Several months back I upgraded cameras from my trusty Canon EOS 5D to the newer model, the Canon EOS 5D Mark II. The Mark II boasted a range of new features that made it a worthwhile investment, including a larger and clearer LCD screen, a stronger and more weather proof build, easier to navigate menus, customizable settings, HD video, a sensor dust cleaning function as well as greater resolution (21 MP), updated processors and firmware and reportedly better image quality. Over time I have found that, really, just one feature of the newer camera has fundamentally changed the way I can take photos. That feature is the greatly improved performance at higher ISO settings.
Hand held at 1/40 second, f/9, ISO 500
ISO is the standard by which the sensitivity of film or a digital sensor is measured.Â Better sensitivity, lower noise and improved in-camera noise reduction at higher ISO settings are hallmarks of the latest generation of digital SLR cameras, and high ISO performance will surely continue to improve in the near future.Â I have always used Canon digital cameras by choice, but the most current high end digital SLRs from Nikon, Sony, Minolta and others all have much better high ISO performance than their predecessors.
Hand held at 1/100 second, f/8, ISO 320
I haven't done quantitative tests to compare the high ISO performance of older DSLRs and current ones, but the improvements are so dramatic to be readily apparent with a simple inspection of the image files at 100%.Â There are plenty of independent testers out there who have done careful scientific comparisons if you want the raw data.Â My goal in this article is simply to share some images I have taken recently that either would have previously been impossible or would have required more equipment and more labor intensive techniques.Â Of course, you would need to see high resolution image files to get a complete understanding of the image quality, but for the purpose of this article I think these screen size images give you the main idea.Â I should also point out that in addition to improvements in ISO performance, improved noise reduction algorithms in software like Adobe Lightroom and Camera RAW, as well as improved image stabilization technology in lenses take some of the credit.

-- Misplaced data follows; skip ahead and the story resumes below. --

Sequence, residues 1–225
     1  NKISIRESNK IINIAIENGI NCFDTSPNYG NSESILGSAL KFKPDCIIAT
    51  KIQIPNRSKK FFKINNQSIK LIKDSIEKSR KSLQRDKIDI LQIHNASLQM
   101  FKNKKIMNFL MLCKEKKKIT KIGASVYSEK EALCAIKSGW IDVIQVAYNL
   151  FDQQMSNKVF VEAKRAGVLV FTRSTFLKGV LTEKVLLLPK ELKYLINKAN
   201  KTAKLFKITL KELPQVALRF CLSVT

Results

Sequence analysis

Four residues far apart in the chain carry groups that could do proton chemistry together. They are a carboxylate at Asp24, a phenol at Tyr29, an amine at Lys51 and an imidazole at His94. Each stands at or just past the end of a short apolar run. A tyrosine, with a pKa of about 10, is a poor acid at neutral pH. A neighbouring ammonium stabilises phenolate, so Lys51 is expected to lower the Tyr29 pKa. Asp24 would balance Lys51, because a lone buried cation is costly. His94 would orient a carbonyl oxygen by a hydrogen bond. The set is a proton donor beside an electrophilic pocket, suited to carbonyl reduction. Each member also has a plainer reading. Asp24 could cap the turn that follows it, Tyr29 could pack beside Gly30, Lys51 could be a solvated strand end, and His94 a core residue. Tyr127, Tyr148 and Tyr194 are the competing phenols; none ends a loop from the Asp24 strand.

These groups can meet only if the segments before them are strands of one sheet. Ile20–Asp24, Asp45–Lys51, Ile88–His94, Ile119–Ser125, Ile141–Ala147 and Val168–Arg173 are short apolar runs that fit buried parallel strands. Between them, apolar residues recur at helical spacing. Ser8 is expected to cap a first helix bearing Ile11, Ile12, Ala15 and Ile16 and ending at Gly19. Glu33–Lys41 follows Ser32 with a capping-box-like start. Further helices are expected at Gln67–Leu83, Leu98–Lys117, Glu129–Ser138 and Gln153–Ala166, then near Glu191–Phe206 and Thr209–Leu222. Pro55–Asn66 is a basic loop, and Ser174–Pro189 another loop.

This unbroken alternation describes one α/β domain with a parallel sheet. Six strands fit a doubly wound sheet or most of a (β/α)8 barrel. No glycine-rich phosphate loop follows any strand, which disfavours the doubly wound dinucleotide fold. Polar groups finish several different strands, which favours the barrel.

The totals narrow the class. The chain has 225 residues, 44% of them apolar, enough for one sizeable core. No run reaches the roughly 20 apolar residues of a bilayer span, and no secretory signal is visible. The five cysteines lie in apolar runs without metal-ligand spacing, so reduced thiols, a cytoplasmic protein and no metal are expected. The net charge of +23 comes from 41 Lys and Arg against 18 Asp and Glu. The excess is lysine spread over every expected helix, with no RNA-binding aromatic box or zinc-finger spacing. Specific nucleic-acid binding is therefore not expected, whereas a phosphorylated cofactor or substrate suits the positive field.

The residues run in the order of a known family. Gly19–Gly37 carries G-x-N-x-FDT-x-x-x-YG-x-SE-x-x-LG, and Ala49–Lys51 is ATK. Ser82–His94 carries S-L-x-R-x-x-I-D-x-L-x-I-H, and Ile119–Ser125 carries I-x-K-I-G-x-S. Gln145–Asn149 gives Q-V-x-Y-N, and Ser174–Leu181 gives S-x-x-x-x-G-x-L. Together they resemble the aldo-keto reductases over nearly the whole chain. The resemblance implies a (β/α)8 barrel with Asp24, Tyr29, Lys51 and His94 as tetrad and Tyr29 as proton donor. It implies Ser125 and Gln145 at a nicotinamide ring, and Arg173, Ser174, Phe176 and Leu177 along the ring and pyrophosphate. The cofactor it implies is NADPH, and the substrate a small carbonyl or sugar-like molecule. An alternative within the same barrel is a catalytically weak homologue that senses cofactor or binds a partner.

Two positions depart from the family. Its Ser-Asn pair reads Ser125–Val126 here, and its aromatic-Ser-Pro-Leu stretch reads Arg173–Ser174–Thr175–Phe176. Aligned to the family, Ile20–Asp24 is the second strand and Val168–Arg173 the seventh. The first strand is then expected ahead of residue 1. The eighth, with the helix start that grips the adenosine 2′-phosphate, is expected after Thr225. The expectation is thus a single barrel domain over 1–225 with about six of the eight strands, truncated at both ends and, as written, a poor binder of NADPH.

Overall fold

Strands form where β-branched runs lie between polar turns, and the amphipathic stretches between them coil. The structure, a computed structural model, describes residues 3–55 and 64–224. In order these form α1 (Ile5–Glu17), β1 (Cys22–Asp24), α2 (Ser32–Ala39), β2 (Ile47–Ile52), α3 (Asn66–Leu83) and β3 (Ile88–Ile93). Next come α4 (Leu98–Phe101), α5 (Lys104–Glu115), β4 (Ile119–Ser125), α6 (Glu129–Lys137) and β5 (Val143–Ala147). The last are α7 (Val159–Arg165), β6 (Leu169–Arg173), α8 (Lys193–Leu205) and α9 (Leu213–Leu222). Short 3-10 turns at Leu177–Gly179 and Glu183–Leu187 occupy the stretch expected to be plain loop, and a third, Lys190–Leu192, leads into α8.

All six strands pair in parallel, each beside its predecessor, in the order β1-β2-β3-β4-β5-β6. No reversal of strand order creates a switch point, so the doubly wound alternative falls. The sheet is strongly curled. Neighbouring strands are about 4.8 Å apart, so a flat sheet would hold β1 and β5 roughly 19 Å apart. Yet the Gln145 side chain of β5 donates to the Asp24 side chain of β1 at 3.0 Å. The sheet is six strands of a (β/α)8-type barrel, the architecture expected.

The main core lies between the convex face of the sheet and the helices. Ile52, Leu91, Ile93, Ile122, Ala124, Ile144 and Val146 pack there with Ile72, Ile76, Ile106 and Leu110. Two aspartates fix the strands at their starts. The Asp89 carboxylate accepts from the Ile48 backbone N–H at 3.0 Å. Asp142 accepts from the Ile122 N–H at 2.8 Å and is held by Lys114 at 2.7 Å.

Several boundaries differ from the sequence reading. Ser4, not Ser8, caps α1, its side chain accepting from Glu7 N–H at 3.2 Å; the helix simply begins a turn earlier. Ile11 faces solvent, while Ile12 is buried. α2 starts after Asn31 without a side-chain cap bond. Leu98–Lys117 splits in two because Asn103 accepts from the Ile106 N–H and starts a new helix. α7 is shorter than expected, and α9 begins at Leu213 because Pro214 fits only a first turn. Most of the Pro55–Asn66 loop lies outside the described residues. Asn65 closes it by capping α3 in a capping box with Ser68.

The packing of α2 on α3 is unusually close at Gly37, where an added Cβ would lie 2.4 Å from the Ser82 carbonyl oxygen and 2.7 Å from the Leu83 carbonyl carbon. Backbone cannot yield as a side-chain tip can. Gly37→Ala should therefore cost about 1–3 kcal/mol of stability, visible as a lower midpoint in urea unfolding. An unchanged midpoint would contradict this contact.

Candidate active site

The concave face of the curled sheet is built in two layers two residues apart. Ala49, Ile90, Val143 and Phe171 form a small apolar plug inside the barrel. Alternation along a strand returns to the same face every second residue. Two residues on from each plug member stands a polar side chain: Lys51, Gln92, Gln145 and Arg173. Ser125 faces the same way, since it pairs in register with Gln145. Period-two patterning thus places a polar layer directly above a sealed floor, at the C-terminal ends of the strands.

Hand held at 1/13 second, f/4.5, ISO 3200
How does better high ISO performance allow for new opportunities in photography? As the sensor becomes more sensitive to light as the ISO setting is increased, the camera is able to maintain faster shutter speeds in lower light conditions and still get a proper exposure. Essentially it means you can shoot in lower light situations or with smaller aperture settings without the need for a tripod.Â However, with past cameras the increased sensitivity to light at higher ISO settings came with an unacceptable trade off; increased image noise or digital grain. Until I acquired the Canon 5D Mark II, the higher ISO settings were generally useless to me. My images need to be very clean and sharp, so I would always shoot at the lowest ISO setting (ISO 100) to ensure adequate image quality. This almost always meant the need for a tripod to get a sharp image.
Hand held at 1/15 second, f/5.6, ISO 3200
Experimenting with the ISO capabilities of the 5D Mark II during my travels in Mexico this month have left me impressed and excited about the possibilities. I still use my tripod most of the time, but I find that in situations where a tripod is impractical, time prohibitive or creatively limiting I can often raise the ISO to between 200 and 500 to allow for fast enough shutter speeds for hand held shooting with a very slight loss in overall image quality. Images at these ISO settings are certainly good enough for publishing and even fine art printing.Â There are times when having the ability to photograph without a tripod is extremely freeing and allows for flexibility, mobility, spontaneity and creativity that wasn't possible before.
Hand held at 1/20 sec, f/4, ISO 3200
What's more, I have found that I can also hand hold my camera in minimal light situations, such as indoors or for night time city scenes, by increasing the ISO dramatically. I have increased the ISO to as much as 3200 and still been able to capture very usable images.Â A slight degree of noise in these images is acceptable to me for the fact that they would have been almost impossible to get otherwise. While I still return to the tripod if image quality is essential, it is exciting to be able to photograph people and other moving objects in low light conditions and not have them be blurred. Most of my night city photography does not include people because of the blurring of objects in motion with slow shutter speeds. Â Being able to hand hold the camera and get sharp images of moving subjects indoors and at night opens a whole new world of possibilities.
Hand held at 1/30 second, f/4, ISO 3200
I'm sure the technology in ISO performance will continue to improve for some time. Within a couple of years there will be cameras that allow us to photograph in almost complete darkness with fast shutter speeds and produce noise free images. Until then it is exciting to know how good the ISO performance is right now, and that photographers have the ability to take photographs that were previously impossible or impractical.
Hand held at 1/15 second, f/7.1, ISO 500
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Hand held at 1/30 second, f/4, ISO 3200